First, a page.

Council members are exploring ways to allow residents to drive golf carts on certain Huber Heights roads.
State law classifies a golf cart as an “under speed vehicle,” meaning it cannot be operated on a street with a speed limit over 35 miles per hour. The city can authorize under speed vehicles on streets with speed limits 35 miles per hour and below.
Huber Heights Police Chief Mark Lightner recommends council adopt a speed limit of 25 miles per hour or less for golf carts, which would permit carts to go on most of the city’s streets. He said the city can permit the golf carts to cross over 35 mile per hour streets, like Brandt Pike or Old Troy Pike, at intersections.
“If you have to cross a speed higher than that, like a Brandt or Troy you can, but you just have to cross, you can’t go on” the higher-speed street, Lightner said.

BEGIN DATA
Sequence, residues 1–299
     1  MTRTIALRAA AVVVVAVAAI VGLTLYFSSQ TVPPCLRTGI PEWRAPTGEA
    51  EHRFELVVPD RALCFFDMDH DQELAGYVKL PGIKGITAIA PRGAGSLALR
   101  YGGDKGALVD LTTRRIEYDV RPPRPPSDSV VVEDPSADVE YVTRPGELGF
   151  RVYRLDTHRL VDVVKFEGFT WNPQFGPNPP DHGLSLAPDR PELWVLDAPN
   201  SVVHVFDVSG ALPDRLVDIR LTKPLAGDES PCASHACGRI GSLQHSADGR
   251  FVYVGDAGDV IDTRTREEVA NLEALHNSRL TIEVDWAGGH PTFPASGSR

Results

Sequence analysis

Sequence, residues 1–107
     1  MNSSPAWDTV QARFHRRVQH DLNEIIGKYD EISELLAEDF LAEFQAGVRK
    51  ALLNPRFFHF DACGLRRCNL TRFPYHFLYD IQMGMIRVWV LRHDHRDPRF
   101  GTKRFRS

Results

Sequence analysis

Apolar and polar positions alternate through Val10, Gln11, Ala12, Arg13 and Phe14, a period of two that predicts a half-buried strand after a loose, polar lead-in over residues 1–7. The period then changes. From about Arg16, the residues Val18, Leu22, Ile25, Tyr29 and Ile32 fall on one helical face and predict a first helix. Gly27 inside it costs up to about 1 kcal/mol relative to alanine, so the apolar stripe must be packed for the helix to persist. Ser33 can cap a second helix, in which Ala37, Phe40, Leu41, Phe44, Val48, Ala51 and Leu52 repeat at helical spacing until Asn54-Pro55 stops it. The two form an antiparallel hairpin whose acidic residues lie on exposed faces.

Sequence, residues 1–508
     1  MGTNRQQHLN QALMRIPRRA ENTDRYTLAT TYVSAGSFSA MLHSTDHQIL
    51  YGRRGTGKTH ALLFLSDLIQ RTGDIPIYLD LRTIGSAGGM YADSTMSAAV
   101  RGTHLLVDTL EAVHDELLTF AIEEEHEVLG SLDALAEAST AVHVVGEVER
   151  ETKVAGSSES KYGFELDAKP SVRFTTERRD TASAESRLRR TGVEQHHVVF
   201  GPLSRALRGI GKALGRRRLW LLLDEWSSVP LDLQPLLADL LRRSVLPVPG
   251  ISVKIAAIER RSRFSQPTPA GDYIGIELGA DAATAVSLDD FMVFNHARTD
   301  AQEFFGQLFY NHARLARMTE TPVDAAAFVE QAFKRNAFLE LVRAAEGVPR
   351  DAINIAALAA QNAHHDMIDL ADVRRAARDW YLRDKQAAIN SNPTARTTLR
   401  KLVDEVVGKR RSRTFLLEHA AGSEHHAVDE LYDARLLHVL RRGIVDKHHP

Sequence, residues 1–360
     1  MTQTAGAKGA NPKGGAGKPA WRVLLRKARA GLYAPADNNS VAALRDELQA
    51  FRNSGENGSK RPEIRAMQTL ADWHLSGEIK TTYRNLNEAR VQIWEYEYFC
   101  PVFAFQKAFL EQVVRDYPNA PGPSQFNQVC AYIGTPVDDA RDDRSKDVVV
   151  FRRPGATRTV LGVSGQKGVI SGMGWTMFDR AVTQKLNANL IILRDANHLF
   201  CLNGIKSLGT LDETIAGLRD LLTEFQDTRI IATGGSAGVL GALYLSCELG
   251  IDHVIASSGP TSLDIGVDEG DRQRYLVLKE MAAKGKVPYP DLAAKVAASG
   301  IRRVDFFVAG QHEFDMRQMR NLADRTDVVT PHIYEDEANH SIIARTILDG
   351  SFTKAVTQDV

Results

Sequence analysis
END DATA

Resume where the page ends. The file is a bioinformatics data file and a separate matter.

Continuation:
Ohio law also requires the driver of the cart to be licensed.
Lightner said the city could also mandate the use of seat belts on golf carts, as well as prohibit children who need car seats or booster seats from riding on the vehicles.
“Some ordinances have seat belts, headlights, horns, and so forth,” Lightner said of other communities that have adopted similar legislation. He added, “There’s some mandatory things that have to be on there, and then there are some things you have leeway on.”
Several residents have spoken in favor of golf carts at recent council meetings and work sessions. Council discussed the topic for about 15 minutes at a recent work session.
Council members largely expressed openness to exploring different proposals.
“Generally speaking I’m in favor of this,” said Councilman Glenn Otto. “I think just the way we’re moving as a society, we’re getting to smaller, lighter and different technology in vehicles. I think we’re going to see a lot more smaller local vehicles anyway, we might as well get used to it.”
Mayor Tom McMasters proposed an alternative plan, which would create zones in the city where golf carts could drive. Gerald McDonald, the city’s law director, said he did not think the zone proposal would work under Ohio law.
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